Tuesday, August 11, 2009

Chevrolet Volt will get 230 MPG (city)

Although the Volt isn't a subcompact, this news should be shared.

GM just announced that its upcoming, highly anticipated Volt electric car will get a mind-boggling 230 MPG city from the EPA. Just recently, the EPA came up with a way to measure economy that allows people to compare an electric vehicle to a gas or gas/hybrid vehicle with regards to economy.

Keep in mind, the Volt will have a gasoline engine, but it will not be driving the wheels. It will be, essentially, acting as a generator to recharge the batteries.

More info below.

Chevrolet's Volt official fuel economy: 230 MPG (CNN Money)


adamaoc said...

I don’t know whether I believe that or not? I’m not saying that 230MPG is not possible but manufacturers are known for stretching the truth about their MPG’s and GM being backed by the government I don’t see the EPA saying anything that might hurt the only chance for GM to get back in the game.

Bridget said...

They are telling the truth. As long as you go less than 230 miles or so, you are running electric. The electricity was stored when you plugged it into your house.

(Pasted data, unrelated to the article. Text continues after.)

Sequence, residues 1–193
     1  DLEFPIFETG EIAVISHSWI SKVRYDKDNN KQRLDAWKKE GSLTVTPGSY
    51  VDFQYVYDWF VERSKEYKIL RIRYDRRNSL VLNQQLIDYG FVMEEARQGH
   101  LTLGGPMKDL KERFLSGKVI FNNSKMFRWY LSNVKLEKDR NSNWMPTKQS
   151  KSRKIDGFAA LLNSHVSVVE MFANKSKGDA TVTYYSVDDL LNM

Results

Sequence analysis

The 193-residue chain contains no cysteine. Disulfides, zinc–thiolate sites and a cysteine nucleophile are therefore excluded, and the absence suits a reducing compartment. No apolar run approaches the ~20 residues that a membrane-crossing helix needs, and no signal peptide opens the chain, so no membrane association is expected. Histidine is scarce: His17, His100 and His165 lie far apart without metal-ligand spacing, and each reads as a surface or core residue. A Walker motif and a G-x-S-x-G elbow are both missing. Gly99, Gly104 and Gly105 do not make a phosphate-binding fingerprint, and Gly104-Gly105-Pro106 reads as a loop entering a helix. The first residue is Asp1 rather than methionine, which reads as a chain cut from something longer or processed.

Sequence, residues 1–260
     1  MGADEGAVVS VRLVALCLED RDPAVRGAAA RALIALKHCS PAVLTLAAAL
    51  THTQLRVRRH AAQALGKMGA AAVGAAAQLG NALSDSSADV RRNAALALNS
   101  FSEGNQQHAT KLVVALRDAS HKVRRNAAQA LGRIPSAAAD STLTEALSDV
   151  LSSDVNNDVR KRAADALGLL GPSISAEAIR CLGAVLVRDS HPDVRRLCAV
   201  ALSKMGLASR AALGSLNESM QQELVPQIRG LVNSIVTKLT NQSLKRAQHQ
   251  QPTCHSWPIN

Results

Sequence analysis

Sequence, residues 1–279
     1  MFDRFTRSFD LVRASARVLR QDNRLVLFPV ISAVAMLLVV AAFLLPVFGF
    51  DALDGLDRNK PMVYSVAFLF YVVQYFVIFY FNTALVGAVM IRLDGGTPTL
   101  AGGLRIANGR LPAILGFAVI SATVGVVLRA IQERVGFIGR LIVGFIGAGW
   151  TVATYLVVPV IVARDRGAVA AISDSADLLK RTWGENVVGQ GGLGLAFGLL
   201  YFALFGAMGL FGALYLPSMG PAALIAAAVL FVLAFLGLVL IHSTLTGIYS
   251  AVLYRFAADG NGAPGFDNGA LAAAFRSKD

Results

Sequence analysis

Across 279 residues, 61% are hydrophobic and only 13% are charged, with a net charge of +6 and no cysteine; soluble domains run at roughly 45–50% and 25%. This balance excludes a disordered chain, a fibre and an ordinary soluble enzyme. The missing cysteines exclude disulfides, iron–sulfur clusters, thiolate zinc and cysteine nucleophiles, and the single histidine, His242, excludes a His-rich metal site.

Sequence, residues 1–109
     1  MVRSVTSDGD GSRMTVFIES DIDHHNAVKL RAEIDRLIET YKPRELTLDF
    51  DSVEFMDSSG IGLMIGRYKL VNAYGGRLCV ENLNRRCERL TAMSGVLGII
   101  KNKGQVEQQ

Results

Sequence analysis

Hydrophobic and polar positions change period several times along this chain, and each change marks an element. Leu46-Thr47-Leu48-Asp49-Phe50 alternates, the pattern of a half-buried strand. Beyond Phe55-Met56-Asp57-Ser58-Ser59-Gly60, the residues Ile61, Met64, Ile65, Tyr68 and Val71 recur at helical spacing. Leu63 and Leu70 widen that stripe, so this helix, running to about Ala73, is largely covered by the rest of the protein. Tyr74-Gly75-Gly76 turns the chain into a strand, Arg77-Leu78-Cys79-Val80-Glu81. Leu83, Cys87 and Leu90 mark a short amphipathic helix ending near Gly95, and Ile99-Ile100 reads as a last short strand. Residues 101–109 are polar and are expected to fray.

Andy Lilienthal said...

I'm pretty impressed. I have heard the Volt will cost nearly $40,000, though. I think the sticker price and reliability will be the two biggest factors with this car.

SRodens said...

How much does it cost to charge it through the outlet. In addition, it only runs 40 miles on electricity, and then it needs 8-12 hrs for a full charge. What the EPA should do is calculate how many BTU of charge it gets from the wall and compare that to the BTU of gasoline, and get a accurate MPG. Not one based on how much gasoline is used, but based on energy.

Unknown said...

I think the bigger story here is that the Nissan Leaf is claiming 367 mpg with only the use of electricity. It also would possibly have a 30 min/80% quick charge which is possibly more useful. Plus available in our neck of the woods (Portland, OR), cheaper, and also will be made in Tennessee.